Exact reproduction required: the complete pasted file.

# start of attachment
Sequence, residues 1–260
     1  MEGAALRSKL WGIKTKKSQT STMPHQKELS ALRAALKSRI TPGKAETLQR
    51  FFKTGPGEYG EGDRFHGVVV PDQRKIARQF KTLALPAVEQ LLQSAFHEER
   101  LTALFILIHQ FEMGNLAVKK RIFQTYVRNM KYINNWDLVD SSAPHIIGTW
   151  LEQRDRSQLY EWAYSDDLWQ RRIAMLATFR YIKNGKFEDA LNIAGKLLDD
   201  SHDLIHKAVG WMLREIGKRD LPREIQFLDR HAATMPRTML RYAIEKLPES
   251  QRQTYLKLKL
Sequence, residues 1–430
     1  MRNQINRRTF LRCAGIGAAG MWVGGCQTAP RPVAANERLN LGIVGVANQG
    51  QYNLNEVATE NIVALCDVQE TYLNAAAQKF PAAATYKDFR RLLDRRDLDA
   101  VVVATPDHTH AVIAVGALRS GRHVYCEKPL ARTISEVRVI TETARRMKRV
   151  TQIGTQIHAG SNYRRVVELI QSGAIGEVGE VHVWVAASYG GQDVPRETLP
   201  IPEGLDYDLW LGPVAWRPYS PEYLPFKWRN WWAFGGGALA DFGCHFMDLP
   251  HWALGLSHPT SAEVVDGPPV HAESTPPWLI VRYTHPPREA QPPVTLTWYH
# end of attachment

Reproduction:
Sequence, residues 1–260
     1  MEGAALRSKL WGIKTKKSQT STMPHQKELS ALRAALKSRI TPGKAETLQR
    51  FFKTGPGEYG EGDRFHGVVV PDQRKIARQF KTLALPAVEQ LLQSAFHEER
   101  LTALFILIHQ FEMGNLAVKK RIFQTYVRNM KYINNWDLVD SSAPHIIGTW
   151  LEQRDRSQLY EWAYSDDLWQ RRIAMLATFR YIKNGKFEDA LNIAGKLLDD
   201  SHDLIHKAVG WMLREIGKRD LPREIQFLDR HAATMPRTML RYAIEKLPES
   251  QRQTYLKLKL
Sequence, residues 1–430
     1  MRNQINRRTF LRCAGIGAAG MWVGGCQTAP RPVAANERLN LGIVGVANQG
    51  QYNLNEVATE NIVALCDVQE TYLNAAAQKF PAAATYKDFR RLLDRRDLDA
   101  VVVATPDHTH AVIAVGALRS GRHVYCEKPL ARTISEVRVI TETARRMKRV
   151  TQIGTQIHAG SNYRRVVELI QSGAIGEVGE VHVWVAASYG GQDVPRETLP
   201  IPEGLDYDLW LGPVAWRPYS PEYLPFKWRN WWAFGGGALA DFGCHFMDLP
   251  HWALGLSHPT SAEVVDGPPV HAESTPPWLI VRYTHPPREA QPPVTLTWYH